Sabina Leonelli in Times Higher Education: “Big data are widely seen as a game-changer in scientific research, promising new and efficient ways to produce knowledge. And yet, large and diverse data collections are nothing new – they have long existed in fields such as meteorology, astronomy and natural history.
What, then, is all the fuss about? In my recent book, I argue that the true revolution is in the status accorded to data as research outputs in their own right. Along with this has come an emphasis on open data as crucial to excellent and reliable science.
Previously – ever since scientific journals emerged in the 17th century – data were private tools, owned by the scientists who produced them and scrutinised by a small circle of experts. Their usefulness lay in their function as evidence for a given hypothesis. This perception has shifted dramatically in the past decade. Increasingly, data are research components that can and should be made publicly available and usable.
Rather than the birth of a data-driven epistemology, we are thus witnessing the rise of a data-centric approach in which efforts to mobilise, integrate and visualise data become contributions to discovery, not just a by-product of hypothesis testing.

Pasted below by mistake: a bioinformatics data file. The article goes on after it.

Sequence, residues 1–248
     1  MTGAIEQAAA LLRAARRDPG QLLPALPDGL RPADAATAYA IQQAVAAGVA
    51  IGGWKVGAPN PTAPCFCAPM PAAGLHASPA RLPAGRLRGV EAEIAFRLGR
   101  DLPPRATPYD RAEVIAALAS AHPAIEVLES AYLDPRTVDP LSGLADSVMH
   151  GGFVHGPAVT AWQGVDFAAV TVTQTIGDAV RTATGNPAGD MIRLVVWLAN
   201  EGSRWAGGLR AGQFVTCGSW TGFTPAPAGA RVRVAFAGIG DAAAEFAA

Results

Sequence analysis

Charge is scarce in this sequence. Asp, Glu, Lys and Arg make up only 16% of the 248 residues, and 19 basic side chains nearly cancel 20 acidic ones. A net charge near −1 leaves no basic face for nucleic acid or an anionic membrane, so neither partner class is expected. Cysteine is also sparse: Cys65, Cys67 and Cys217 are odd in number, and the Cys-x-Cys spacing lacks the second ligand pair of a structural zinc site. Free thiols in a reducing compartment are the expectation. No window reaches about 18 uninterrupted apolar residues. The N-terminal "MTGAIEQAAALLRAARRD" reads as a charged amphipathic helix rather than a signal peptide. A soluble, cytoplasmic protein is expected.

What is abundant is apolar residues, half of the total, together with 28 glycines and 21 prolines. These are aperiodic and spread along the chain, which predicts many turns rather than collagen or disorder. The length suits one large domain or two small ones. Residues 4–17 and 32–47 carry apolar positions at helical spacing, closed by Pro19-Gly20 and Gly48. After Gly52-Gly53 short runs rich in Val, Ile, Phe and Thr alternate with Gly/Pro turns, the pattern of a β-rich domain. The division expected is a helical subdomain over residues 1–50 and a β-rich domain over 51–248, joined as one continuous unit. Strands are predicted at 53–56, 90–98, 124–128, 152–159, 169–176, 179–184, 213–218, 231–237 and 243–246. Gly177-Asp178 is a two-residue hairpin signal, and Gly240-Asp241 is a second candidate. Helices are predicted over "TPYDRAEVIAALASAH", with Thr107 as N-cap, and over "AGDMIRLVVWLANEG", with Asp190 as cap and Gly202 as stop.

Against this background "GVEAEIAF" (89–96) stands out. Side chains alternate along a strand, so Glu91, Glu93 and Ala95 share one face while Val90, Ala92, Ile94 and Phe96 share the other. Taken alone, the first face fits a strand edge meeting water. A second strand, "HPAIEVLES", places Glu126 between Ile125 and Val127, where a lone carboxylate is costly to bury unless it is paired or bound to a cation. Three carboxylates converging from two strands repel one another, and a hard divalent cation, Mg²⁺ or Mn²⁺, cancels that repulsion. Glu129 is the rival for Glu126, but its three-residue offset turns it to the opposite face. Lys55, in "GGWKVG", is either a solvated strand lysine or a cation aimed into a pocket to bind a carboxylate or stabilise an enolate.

The rise of data-centrism highlights the challenges involved in gathering, classifying and interpreting data, and the concepts, technologies and social structures that surround these processes. This has implications for how research is conducted, organised, governed and assessed.
Data-centric science requires shifts in the rewards and incentives provided to those who produce, curate and analyse data. This challenges established hierarchies: laboratory technicians, librarians and database managers turn out to have crucial skills, subverting the common view of their jobs as marginal to knowledge production. Ideas of research excellence are also being challenged. Data management is increasingly recognised as crucial to the sustainability and impact of research, and national funders are moving away from citation counts and impact factors in evaluations.
New uses of data are forcing publishers to re-assess their business models and dissemination procedures, and research institutions are struggling to adapt their management and administration.
Data-centric science is emerging in concert with calls for increased openness in research….(More)”